A welfare cheat is like a mugger who robs you on the street
That was George Osborne in yesterday’s News of the World (behind a paywall) talking about welfare cheats.
It’s churlish to note the use of his language, though that’s not going to stop me, because it was David Cameron who said that
We will be challenging lobby groups that are making inflammatory arguments. We will take their claims on. We will highlight when it is irresponsible to make statements like that.
and Osborne has form.
Osborne is being inflammatory and irresponsible – and his arguments are part of a narrative that is willfully ignorant and deliberately manipulative (as I’ve highlighted here and here) – so it’s down to us to continue take his claims on.
I’ll start by reminding people that most disability benefits are not work- or sickness-related. For example, Disability Living Allowance (DLA) helps with the additional costs of disability, primarily related to personal care. It is for people under 65, though you can continue to be in receipt of DLA over the age of 65 if you have it before you are 65. (Attendance Allowance is the equivalent for people over 65. Both are non-means tested.)
And rather than pejorative statements that play to Osborne’s prejudices, let’s introduce some facts:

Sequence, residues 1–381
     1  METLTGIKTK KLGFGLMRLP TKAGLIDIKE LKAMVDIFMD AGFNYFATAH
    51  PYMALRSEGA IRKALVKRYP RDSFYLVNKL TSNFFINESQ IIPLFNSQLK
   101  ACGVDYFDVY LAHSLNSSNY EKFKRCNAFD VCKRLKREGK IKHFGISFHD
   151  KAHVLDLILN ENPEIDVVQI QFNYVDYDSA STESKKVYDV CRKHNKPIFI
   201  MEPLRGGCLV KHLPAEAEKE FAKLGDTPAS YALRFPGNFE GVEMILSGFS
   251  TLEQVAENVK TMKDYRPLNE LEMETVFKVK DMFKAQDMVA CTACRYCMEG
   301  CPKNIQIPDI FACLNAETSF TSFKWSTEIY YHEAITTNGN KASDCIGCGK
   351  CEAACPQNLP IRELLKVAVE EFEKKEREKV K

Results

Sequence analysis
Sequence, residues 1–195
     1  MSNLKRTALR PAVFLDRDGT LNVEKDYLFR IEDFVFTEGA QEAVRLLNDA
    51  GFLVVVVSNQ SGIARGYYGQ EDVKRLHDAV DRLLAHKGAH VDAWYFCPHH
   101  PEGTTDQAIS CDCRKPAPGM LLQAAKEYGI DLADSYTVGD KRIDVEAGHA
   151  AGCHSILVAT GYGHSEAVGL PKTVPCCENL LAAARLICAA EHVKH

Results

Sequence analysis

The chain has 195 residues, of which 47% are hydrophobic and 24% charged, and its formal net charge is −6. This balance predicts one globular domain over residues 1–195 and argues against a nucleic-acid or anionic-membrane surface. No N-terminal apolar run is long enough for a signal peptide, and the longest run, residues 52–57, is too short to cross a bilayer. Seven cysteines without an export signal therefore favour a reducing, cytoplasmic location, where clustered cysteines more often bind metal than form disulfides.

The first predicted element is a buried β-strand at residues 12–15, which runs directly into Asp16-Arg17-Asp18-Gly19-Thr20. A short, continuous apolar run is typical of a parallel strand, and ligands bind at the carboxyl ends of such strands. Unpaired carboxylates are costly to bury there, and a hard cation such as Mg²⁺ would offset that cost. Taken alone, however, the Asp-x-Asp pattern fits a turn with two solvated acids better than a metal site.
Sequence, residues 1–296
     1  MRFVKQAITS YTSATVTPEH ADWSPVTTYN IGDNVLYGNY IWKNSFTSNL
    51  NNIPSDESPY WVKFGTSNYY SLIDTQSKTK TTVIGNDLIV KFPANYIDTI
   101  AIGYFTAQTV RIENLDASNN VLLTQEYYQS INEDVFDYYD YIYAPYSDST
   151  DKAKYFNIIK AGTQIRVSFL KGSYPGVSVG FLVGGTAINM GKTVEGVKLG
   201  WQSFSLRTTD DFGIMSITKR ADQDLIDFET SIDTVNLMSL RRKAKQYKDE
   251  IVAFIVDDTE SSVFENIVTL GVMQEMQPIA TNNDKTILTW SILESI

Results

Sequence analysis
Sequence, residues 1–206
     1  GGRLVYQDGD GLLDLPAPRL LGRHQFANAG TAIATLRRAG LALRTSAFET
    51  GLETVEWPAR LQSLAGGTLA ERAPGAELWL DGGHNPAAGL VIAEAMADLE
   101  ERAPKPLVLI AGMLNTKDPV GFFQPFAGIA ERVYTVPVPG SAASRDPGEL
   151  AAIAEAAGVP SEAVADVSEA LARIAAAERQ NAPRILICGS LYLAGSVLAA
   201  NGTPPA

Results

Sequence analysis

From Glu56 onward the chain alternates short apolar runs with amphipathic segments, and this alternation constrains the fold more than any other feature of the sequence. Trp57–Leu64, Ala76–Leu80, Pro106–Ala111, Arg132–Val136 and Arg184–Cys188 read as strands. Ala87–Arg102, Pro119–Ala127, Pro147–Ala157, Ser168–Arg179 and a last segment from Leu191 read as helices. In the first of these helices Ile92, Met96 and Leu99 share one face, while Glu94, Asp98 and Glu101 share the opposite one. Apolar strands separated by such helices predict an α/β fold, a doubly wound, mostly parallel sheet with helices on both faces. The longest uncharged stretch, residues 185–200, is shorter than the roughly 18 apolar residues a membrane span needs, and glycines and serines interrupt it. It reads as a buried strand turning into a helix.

- More disabled people live in relative poverty than non-disabled people, and are less likely to be in employment or have education qualifications than non-disabled people <em<because of the institutional barriers they face in society. Calling disabled people welfare cheats doesn’t solve the issue. It ignores it.
- 80% of DLA claimants are in the bottom 60% of income, meaning more precisely that DLA is targeted exactly at those disabled people who live in relative poverty. This is not a lifestyle choice. No one chooses to live in relative poverty.
- The fraud rate for DLA is 0.5%. For Income Support that figure is 2.9%, for Incapacity Benefit it’s 1% and for Jobseekers Allowance it’s 2.8%. The DWP’s own administrative error rate is 0.8% (stats via Benefit Scrounging Scum). For a benefit specifically focusing on disabled people, does that sounds like widespread fraud?
Feel free to add your own thoughts on Osborne’s fatally damaging narrative. If you’re interested in this topic, do also check out Where’s the Benefit?, Anne Wollenberg, Louise Bolotin and Benefit Scrounging Scum, all of whom make great and thoughtful contributions to this issue.